Nick Summers is a technology journalist for The Next Web. He writes on all sorts of topics, although he has a passion for gadgets, apps and Nick Summers is a technology journalist for The Next Web. He writes on all sorts of topics, although he has a passion for gadgets, apps and video games in particular. You can reach him on Twitter, circle him on Google+ and connect with him on LinkedIn.
Baristas the world over will argue that coffee shops needs a human touch to ensure that customers get a perfect brew day-in, day-out.
Briggo is hoping to change all of that with what it calls the Coffee Haus, a fully automated kiosk that uses robotics to take orders, crush beans and ultimately serve up that little cup of caffeinated goodness.
Customers can submit their order via the company’s mobile site and also select the exact time they would like to pick it up. Briggo then sends the user a text message when it’s ready, eliminating traditional queues and wait times.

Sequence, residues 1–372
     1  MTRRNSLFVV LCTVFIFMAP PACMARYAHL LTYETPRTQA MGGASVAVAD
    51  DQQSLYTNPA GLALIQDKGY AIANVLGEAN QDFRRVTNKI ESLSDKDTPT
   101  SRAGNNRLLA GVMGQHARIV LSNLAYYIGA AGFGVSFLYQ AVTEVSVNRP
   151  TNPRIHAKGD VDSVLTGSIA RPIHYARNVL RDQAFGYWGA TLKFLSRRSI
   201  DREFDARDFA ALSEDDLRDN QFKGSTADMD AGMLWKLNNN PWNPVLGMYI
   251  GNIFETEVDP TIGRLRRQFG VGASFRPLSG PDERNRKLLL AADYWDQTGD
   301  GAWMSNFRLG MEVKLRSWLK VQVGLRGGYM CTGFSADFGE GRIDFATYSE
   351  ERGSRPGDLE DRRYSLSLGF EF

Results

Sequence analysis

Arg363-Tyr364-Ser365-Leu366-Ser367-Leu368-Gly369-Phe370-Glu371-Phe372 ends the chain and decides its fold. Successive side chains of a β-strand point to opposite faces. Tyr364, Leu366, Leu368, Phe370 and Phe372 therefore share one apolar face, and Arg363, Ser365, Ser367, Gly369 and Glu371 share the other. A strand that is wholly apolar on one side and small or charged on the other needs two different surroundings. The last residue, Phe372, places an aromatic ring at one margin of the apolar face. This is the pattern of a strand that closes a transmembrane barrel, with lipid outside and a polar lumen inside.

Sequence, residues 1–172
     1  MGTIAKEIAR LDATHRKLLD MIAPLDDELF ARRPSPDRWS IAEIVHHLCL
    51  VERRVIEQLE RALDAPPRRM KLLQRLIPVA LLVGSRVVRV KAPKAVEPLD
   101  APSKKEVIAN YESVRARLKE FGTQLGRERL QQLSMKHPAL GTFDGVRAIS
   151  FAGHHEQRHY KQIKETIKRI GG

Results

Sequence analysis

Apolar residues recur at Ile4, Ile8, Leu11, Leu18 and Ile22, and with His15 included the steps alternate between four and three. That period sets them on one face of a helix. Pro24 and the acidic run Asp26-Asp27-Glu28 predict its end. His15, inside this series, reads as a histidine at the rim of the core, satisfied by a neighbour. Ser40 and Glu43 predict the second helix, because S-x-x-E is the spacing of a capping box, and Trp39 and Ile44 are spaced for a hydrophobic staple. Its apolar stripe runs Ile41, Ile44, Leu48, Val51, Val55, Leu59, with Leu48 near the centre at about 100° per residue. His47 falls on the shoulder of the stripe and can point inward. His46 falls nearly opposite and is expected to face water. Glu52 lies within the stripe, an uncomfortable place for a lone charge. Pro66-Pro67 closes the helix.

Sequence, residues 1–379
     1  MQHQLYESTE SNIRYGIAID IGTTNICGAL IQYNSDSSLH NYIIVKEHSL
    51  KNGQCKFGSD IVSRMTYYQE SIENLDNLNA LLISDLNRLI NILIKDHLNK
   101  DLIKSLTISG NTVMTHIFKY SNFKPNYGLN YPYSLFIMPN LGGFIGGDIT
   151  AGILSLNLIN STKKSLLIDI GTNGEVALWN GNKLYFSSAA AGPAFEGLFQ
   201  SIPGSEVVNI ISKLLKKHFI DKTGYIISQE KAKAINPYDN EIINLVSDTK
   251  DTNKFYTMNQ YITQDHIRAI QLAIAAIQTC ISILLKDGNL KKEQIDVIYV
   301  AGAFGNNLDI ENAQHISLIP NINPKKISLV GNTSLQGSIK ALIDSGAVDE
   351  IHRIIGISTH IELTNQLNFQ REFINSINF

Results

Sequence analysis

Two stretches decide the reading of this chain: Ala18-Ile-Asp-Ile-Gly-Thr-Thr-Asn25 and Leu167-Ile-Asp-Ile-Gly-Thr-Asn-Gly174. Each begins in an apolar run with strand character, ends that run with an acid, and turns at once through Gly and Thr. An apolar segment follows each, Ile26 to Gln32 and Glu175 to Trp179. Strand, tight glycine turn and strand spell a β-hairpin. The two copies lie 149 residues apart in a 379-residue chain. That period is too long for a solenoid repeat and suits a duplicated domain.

But is it good coffee? “The Briggo Coffee Haus individually grinds and brews each espresso beverage and prepares it to order using artisan coffees, fresh milk and gourmet syrups, creating outstanding espresso shots and great lattes,” Scott McMartin, Briggo’s vice president of coffee strategy and operations claims.
The first Briggo Coffee Haus was launched at the University of Texas in Austin earlier this week, replacing a prototype that’s been on campus since 2011. The company now plans to open additional kiosks in airports, hospitals and corporate campuses dotted across the United States.
The kiosk itself was created in partnership with Yves Behar and the rest of the Fuseproject team – the guys behind the design of the OUYA, Fan TV and various Jawbone products.
Although the entire kiosk is automated, the team said it was important to made each Coffee Haus look, smell and feel like a conventional coffee shop. Briggo is also hard at work developing a smartphone app for Android and iOS to streamline saving favorite orders, finding new kiosks and sharing to various social networks.
The question remains though: Can a robot really create a cup of coffee that tastes better than the work of a professional barista? What if I want some chocolate sprinkled on top in the shape of my face?
Image Credit: Briggo & Fuseproject
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